Coronavirus spread in North continues with 902 new cases reported
Michelle O’Neill tests negative but will continue to self isolate
Deputy First Minister Michelle O’Neill during a press conference in Parliament Building, Stormont. File photograph: PA
Another 902 people have tested positive for Covid-19 in Northern
Ireland but no new deaths were reported on Saturday.
A total of 134 patients are in hospital with 19 in intensive care and 11 of those ventilated, the North’s department of health said.
Earlier, it emerged that Northern Ireland’s deputy first minister Michelle O’Neill had tested negative for coronavirus.
She will continue to self-isolate and work remotely after a family member was diagnosed, a spokeswoman said.
Northern Ireland’s minister for health warned on Friday that further restrictions to limit the spread of coronavirus could soon be necessary.
Robin Swann said the situation was “grave and getting more so on a daily, if not hourly, basis” and he was advised that “further restrictions for Northern Ireland are likely to be required in the very near future, in the event of positive cases continuing their current upward trajectory”.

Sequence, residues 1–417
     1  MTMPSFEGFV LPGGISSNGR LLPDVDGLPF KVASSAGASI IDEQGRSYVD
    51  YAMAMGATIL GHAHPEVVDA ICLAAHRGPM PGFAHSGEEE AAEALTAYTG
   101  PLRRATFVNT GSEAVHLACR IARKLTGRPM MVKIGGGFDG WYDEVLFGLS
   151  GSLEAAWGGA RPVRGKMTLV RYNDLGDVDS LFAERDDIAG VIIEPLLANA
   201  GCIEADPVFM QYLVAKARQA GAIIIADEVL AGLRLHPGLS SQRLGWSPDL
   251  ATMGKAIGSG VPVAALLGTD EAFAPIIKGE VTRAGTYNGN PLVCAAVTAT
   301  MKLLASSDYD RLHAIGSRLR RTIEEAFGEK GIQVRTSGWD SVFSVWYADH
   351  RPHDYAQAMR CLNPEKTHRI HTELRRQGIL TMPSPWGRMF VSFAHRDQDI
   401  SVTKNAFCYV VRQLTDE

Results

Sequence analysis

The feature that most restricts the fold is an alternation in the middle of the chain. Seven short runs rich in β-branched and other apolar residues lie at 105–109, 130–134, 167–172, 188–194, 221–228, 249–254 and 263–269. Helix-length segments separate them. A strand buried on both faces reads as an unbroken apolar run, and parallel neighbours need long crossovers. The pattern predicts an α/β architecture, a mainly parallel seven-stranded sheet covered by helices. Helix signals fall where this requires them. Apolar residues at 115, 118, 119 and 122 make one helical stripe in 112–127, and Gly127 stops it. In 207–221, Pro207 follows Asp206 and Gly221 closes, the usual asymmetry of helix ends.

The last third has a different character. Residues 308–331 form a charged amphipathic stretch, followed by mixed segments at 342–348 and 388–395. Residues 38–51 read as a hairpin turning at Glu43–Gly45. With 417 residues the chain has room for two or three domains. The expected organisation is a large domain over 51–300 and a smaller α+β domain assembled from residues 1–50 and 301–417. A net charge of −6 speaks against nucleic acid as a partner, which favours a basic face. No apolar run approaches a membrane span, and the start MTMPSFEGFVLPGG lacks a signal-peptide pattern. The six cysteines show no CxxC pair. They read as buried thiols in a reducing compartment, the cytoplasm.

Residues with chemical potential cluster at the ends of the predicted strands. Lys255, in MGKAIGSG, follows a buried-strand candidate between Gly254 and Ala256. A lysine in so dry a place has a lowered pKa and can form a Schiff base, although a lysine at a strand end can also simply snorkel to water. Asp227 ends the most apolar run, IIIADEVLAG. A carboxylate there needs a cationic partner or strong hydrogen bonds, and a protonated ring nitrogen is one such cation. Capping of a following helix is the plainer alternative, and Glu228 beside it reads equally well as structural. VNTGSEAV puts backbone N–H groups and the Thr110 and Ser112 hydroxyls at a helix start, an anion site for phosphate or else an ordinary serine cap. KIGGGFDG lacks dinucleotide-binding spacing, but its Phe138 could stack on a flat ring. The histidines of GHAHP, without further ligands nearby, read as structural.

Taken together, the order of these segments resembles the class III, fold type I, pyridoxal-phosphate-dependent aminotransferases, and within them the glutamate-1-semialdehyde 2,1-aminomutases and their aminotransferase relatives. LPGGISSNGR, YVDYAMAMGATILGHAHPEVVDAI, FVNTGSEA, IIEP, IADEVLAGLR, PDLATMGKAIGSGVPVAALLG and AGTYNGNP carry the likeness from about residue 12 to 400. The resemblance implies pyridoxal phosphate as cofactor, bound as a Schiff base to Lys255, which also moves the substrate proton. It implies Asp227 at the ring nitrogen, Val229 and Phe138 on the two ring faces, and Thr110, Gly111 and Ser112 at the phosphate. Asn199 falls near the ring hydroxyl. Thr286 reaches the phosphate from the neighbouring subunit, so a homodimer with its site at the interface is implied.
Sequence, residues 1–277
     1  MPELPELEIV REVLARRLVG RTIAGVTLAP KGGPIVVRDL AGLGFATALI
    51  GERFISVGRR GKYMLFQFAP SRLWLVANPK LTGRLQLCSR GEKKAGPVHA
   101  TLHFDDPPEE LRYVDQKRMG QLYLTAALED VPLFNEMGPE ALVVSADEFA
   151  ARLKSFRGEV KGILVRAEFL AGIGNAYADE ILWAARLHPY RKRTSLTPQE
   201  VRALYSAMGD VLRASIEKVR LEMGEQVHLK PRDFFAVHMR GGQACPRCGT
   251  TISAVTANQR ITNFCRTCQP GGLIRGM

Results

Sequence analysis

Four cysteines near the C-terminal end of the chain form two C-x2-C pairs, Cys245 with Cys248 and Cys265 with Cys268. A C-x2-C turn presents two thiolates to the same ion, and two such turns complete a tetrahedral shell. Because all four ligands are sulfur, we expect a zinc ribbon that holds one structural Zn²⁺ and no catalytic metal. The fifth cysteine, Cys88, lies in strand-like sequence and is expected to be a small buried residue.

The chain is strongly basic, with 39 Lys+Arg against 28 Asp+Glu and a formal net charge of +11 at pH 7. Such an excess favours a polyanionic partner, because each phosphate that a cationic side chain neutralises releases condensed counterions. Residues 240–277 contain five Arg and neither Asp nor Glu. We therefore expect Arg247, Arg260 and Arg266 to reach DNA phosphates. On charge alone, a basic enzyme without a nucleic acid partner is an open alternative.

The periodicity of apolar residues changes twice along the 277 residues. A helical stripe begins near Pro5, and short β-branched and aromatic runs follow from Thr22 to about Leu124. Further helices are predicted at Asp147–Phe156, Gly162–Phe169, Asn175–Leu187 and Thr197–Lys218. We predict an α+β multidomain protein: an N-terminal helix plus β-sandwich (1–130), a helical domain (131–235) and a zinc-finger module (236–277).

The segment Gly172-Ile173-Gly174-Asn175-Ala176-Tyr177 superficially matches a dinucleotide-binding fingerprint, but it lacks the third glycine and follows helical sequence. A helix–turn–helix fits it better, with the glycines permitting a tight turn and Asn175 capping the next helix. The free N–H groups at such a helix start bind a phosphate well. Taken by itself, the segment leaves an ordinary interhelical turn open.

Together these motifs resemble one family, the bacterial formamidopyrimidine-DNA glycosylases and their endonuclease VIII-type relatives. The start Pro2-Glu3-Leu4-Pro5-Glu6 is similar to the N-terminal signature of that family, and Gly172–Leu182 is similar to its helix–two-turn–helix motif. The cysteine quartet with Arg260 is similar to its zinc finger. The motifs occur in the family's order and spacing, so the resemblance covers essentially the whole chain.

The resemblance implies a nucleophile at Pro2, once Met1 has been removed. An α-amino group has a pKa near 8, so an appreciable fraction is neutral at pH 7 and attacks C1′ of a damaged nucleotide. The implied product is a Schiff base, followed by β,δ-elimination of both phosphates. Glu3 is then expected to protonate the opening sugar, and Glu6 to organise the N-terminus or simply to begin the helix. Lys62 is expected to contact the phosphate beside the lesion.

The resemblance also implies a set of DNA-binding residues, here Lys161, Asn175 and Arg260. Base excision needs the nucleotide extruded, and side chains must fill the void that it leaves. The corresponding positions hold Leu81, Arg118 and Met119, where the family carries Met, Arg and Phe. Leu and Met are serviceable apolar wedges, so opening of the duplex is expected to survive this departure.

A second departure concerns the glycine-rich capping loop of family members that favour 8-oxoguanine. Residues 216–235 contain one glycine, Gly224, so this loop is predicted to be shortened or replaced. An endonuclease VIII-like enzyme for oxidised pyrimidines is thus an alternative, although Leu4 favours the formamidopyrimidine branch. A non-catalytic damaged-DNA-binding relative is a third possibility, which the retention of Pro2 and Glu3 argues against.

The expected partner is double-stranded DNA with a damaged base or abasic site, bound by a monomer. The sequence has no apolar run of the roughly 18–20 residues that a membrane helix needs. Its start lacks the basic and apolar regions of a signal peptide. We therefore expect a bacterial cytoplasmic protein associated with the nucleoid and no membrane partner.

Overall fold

These, he said, would be “necessary to reduce hospitalisations and loss of life and to protect our health and social care system from being overwhelmed”.
In the last seven days, 5,272 new cases of the virus have been confirmed in the North. In Derry and Strabane, Co Tyrone, where restrictions similar to the Republic’s Level 3 were introduced on Monday in an attempt to curb the spread of the virus, the rate of infection over the last seven days has risen to 834 per 100,000 of population.
Meanwhile, Northern Ireland is to receive an additional £200 million (€220 million) from the UK treasury to help support businesses through coronavirus. The North will also benefit from the expansion of the UK’s job support scheme, which will pay two-thirds of the wages of employees at firms which are forced to close because of coronavirus restrictions.
Taoiseach Micheál Martin and Minister for Foreign Affairs Simon Coveney, as well as the North’s Ministers, had previously told the UK government additional financial backing was needed if Northern Ireland – which has limited fiscal powers – was to introduce further coronavirus measures.
This financial injection could pave the way for the restrictions in force in Derry and Strabane to be extended to other areas which are also experiencing significant numbers of cases, such as Belfast, Newry Mourne and Down and Mid-Ulster.
The chief medical officers from North and South spoke on Friday amid increasing concerns about the impact of the Border on infection rates.
Mr Coveney told RTÉ he hoped politicians from the Republic and Northern Ireland would come together to address this in the days ahead. - Additional reporting PA